Football, American football, has long been my go-to sport. I look forward to football season the way kids look forward to Christmas. Recently, however, I have discovered the other football. The "true" football. The game that we Yanks refer to as soccer.
I got interested during this year's World Cup. I watched a number of matches and was intrigued at the pace of the game and the skill of the players. Lately, due in large part to my Italian friend Maurizio, I've begun following Associazione Sportiva Roma (A.S. Roma or just Roma for short.)
Football players have to be in incredible shape and... wait, what was I talking about?
This type of football moves at a much more constant pace, which I really like. There are not numerous stops and starts. In American football a minute may last ten minutes with all the lining up, time-outs, moving of chains, etc. Of course, there are pros and cons to this too. Constant action means no commercial breaks, but it also means no bathroom breaks. If you step away from the television to empty your bladder or refill your chip bowl, you're liable to miss something.
Of course the rules of the two games are vastly different. In fact, the only thing they really share in common is the name. I am still learning the rules of football (soccer.) I've been reading and trying to give names to the plays I've seen and heard described in the matches I've watched. That's one problem I've had with following Roma. The televised matches I've watched online have mostly been in Italian, and I only speak Italian in my sleep (so my husband tells me.) I've managed to find a few matches on British channels, but frankly sometimes I can't understand what they are saying either.
I understand the penalties and fouls in soccer, though it amuses me somewhat when the players make a dramatic spectacle of falling down. In American football, it's all about throwing down and hitting hard. Not to say that soccer players aren't tough. They play without padding after all. And if anything, they demonstrate "football" much better than American football players ever could. The things soccer players do with their feet are simply amazing: scissor kicks and all kinds of fancy offensive and defensive footwork. American football is mainly about throwing, catching, running and tackling, with a few kicks thrown in here and there to score extra points or to boot the ball to the other end of the field.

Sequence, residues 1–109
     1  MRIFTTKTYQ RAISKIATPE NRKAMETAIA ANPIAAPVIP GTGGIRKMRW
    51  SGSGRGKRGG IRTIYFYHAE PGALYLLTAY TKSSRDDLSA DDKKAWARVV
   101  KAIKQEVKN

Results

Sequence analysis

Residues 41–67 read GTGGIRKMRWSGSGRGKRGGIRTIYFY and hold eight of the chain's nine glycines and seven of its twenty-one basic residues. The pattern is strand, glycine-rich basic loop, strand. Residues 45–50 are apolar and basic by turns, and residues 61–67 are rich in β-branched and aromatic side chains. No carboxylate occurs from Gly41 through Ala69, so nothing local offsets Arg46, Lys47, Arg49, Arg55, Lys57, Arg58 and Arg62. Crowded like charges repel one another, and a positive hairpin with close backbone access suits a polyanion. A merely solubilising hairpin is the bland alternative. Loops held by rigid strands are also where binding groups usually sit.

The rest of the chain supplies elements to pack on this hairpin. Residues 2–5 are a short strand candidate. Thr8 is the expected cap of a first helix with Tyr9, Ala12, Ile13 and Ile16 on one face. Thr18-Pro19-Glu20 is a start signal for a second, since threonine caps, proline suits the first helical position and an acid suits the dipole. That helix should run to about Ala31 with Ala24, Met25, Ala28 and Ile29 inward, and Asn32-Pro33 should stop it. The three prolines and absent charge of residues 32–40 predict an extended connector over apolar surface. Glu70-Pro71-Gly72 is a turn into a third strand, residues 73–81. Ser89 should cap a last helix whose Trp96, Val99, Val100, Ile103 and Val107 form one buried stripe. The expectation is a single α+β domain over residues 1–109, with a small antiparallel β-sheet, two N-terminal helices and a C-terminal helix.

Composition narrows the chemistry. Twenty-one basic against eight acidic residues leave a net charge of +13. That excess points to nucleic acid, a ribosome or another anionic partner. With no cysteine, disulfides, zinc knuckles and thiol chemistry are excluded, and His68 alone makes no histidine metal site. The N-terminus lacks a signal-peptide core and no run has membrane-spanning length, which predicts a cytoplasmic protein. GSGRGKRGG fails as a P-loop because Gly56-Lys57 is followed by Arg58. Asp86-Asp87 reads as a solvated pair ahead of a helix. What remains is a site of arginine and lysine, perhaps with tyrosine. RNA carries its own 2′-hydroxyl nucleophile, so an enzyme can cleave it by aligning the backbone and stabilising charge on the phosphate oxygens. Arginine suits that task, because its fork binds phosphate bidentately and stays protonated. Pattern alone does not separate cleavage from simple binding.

I may or may not have thought Juventus was a team of referees.
While I don't think soccer can dethrone some good ol' SEC football in my heart, I am keenly interested in the game. I keep an eye on the scores and stats and watch matches when I can get access to them. They're exciting and dramatic to say the least. Saturdays, of course, are all about Alabama football. After all, we have games like this:
Just a warm-up, really.
Football/Soccer isn't the hard-hitting high-scoring event that American football is, but it's still a thrill to watch. It also has its own rabid fans who go nuts in the stands and scream at their televisions. It can get wild with brawls, cheap shots, and adrenaline-fueled ugliness. I think the most striking thing to me is the loyalty to and pride in one's team. That seems to be universal. Whether it's the wearing of the team colors to support the Giallorossi, or the greetings of "Roll Tide" on game day, fan pride seems to be a driving force in both sports. Wins and losses are deeply felt by players and fans alike. They may be "just games," but they are also serious business.
Perhaps that is the draw. A tough loss is excruciating but is later brushed off as not important. A hard-fought victory however, is memorialized in "Best-Of" reels, posters, and conversations in later years about where you were when it happened. It's gritty, it's glorious, it's football.
Is Alabama's version of this: